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Cheats and deceits

by Martin Stevens | 04 February 2016
Category: Natural History
Synopsis
In nature, trickery and deception are widespread. Animals and plants mimic other objects or species in the environment for protection, trick other species into rearing their young, lure prey to their death, and deceive potential mates for reproduction. Cuckoos lay eggs carefully matched to their host's own clutch. Harmless butterflies mimic the wing patterning of a poisonous butterfly to avoid being eaten. The deep-sea angler fish hangs a glowing, fleshy lure in front of its mouth to draw the attention of potential prey, while some male fish alter their appearance to look like females in order to sneak past rivals in mating. Some orchids develop the smell of female insects in order to attract pollinators, while carnivorous plants lure insects to their death with colourful displays. In this book, Martin Stevens describes the remarkable range of such adaptations in nature, and considers how they have evolved, and become increasingly perfected as part of an arms race between predator and prey or host and parasite. He explores the work of naturalists and biologists from Alfred Russel Wallace to current research, showing how scientists find ways of testing the impact of particular behaviours and colourings on the animals it is meant to fool, as opposed to our human perceptions. Drawing on a wide range of examples, Stevens considers what deception tells us about the process of evolution and adaptation.
€32.19
96 Reward Points
In stock online
Delivery 5-7 Days
Eligible for free delivery

Any purchases for more than €10 are eligible for free delivery anywhere in the UK or Ireland!

Synopsis
In nature, trickery and deception are widespread. Animals and plants mimic other objects or species in the environment for protection, trick other species into rearing their young, lure prey to their death, and deceive potential mates for reproduction. Cuckoos lay eggs carefully matched to their host's own clutch. Harmless butterflies mimic the wing patterning of a poisonous butterfly to avoid being eaten. The deep-sea angler fish hangs a glowing, fleshy lure in front of its mouth to draw the attention of potential prey, while some male fish alter their appearance to look like females in order to sneak past rivals in mating. Some orchids develop the smell of female insects in order to attract pollinators, while carnivorous plants lure insects to their death with colourful displays. In this book, Martin Stevens describes the remarkable range of such adaptations in nature, and considers how they have evolved, and become increasingly perfected as part of an arms race between predator and prey or host and parasite. He explores the work of naturalists and biologists from Alfred Russel Wallace to current research, showing how scientists find ways of testing the impact of particular behaviours and colourings on the animals it is meant to fool, as opposed to our human perceptions. Drawing on a wide range of examples, Stevens considers what deception tells us about the process of evolution and adaptation.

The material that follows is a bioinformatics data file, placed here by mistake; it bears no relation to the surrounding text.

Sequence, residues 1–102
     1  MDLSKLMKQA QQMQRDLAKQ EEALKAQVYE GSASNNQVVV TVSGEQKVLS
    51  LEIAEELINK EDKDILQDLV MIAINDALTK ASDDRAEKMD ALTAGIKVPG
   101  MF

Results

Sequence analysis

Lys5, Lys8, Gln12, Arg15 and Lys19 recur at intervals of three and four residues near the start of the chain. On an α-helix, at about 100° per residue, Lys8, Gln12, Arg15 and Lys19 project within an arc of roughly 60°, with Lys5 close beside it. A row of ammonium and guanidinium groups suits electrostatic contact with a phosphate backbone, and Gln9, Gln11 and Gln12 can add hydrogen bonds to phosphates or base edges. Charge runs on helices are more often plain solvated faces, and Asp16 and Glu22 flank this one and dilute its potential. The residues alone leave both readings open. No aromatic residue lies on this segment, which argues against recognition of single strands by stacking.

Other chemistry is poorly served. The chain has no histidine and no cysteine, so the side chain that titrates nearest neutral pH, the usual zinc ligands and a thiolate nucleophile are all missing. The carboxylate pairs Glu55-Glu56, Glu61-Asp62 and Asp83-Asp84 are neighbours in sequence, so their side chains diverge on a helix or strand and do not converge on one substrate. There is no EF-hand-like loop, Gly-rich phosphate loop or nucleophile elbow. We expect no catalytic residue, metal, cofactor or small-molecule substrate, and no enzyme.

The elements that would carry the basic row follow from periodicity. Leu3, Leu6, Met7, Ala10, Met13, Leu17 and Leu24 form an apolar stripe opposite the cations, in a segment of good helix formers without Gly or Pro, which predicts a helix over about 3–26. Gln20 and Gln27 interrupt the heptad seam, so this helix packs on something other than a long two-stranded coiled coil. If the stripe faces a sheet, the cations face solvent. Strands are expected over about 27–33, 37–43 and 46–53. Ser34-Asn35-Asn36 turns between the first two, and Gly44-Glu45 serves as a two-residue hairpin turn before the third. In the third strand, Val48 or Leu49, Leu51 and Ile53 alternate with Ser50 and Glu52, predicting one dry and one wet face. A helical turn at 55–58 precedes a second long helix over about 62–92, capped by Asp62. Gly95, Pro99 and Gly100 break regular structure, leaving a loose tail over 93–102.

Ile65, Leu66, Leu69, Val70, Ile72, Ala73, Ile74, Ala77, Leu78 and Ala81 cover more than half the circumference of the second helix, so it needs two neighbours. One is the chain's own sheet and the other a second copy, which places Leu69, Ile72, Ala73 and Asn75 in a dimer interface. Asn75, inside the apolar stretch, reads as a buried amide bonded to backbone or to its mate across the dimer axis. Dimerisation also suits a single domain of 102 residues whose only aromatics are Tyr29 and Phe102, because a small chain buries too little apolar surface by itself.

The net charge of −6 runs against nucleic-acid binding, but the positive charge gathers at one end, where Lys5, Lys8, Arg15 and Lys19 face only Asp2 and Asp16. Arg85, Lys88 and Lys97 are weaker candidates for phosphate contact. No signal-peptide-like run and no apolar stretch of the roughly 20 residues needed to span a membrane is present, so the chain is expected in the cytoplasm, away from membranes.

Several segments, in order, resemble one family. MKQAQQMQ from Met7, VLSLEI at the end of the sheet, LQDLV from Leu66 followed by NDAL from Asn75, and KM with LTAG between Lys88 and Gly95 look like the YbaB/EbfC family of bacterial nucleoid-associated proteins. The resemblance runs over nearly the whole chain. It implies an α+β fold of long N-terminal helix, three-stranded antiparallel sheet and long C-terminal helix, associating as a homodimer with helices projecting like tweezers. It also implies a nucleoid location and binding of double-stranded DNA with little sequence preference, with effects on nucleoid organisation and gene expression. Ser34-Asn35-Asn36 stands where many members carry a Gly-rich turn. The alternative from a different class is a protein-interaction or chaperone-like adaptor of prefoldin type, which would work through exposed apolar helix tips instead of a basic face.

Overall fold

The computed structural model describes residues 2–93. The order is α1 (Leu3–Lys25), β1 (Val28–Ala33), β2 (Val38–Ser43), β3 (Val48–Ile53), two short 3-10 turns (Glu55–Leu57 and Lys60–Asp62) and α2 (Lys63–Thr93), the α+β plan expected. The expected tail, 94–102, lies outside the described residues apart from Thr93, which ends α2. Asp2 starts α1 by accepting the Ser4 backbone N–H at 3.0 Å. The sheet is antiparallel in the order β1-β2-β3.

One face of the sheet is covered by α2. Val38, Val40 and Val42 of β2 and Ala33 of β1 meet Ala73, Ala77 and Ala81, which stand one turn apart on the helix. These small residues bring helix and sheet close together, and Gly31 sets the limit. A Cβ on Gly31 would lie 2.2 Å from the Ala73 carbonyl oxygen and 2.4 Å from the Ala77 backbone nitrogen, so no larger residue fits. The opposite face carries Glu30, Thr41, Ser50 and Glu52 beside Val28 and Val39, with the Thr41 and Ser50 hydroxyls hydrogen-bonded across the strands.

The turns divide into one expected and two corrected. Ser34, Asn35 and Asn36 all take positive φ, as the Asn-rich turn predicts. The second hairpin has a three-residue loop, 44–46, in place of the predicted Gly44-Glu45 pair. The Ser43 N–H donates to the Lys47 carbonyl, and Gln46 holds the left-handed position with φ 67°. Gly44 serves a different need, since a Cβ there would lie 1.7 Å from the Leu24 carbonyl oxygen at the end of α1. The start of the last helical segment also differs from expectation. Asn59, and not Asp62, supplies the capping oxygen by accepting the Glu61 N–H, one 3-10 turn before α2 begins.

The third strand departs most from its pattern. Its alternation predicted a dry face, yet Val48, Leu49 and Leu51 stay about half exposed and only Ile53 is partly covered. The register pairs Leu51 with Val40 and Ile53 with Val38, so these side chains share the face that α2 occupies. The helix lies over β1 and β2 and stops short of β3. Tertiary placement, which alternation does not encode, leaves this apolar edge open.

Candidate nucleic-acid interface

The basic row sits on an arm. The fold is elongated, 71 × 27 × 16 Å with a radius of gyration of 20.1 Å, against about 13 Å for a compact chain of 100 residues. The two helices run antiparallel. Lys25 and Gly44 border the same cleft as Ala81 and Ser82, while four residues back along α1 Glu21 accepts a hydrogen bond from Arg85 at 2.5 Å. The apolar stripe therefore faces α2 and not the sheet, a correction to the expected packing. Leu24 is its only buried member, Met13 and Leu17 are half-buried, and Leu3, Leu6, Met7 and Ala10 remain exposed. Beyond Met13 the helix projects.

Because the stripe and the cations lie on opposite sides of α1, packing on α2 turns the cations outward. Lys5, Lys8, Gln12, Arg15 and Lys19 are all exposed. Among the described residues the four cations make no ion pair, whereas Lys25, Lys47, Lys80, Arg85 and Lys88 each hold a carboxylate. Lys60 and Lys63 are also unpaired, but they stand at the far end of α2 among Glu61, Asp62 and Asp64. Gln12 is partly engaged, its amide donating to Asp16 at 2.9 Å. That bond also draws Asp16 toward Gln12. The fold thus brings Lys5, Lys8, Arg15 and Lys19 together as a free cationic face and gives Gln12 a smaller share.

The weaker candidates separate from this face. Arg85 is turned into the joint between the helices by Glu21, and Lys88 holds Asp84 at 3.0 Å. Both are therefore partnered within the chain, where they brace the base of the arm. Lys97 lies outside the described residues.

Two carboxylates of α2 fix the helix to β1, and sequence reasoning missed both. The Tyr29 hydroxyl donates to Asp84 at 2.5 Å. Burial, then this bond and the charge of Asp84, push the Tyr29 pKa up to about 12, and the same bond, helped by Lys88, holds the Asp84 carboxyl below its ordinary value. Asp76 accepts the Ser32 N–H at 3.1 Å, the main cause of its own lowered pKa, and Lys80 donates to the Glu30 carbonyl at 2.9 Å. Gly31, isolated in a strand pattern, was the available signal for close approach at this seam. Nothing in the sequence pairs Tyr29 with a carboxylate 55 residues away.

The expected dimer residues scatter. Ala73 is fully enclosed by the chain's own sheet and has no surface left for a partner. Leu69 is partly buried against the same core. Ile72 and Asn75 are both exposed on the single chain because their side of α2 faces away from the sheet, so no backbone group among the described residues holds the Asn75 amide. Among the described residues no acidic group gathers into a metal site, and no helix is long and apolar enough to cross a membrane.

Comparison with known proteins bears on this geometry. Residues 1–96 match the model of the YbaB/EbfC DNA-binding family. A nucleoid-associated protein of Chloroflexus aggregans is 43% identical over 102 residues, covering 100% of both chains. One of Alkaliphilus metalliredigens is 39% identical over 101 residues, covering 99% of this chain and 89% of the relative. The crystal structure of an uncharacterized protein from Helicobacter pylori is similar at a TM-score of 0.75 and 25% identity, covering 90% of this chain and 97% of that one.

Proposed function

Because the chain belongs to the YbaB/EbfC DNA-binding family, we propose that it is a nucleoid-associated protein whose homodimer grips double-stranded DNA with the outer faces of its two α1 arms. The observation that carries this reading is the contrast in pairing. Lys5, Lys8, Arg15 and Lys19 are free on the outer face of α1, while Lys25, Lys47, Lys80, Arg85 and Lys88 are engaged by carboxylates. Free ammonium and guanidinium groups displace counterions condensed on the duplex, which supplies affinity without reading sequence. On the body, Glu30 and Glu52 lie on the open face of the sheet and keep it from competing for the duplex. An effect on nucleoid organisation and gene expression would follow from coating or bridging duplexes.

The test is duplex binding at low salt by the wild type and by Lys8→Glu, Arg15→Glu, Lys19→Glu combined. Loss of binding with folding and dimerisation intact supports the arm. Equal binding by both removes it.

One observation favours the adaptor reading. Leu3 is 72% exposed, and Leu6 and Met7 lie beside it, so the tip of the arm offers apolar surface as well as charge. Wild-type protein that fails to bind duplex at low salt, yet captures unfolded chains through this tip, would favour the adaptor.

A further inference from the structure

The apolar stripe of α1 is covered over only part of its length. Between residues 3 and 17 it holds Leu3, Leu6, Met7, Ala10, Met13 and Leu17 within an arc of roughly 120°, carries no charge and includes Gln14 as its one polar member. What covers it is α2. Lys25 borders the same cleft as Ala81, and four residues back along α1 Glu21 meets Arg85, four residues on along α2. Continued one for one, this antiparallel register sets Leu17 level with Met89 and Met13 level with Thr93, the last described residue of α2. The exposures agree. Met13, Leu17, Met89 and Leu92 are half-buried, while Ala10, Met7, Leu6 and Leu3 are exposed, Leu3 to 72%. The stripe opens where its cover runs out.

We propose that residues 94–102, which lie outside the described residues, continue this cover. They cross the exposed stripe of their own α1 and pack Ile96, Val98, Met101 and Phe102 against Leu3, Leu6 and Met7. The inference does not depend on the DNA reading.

Quantity
Quantity
€32.19
96 Reward Points
In stock online
Delivery 5-7 Days
Eligible for free delivery

Any purchases for more than €10 are eligible for free delivery anywhere in the UK or Ireland!

Quantity
Quantity

Product Details

ISBN - 9780198707899
Format -
Publisher -
Published - 04/02/2016
Categories - All, Books, Science and Nature, Science, Popular Science, All, Books, Science and Nature, Nature Books, Wild Animals, All, Books, Science and Nature, Nature Books, Natural History
No. of Pages - 320
Weight - 680
Edition -
Series - - Not Available
Page Size - 24
Language - en-US
Readership Age - Not Available
Table of Contents - Not Available

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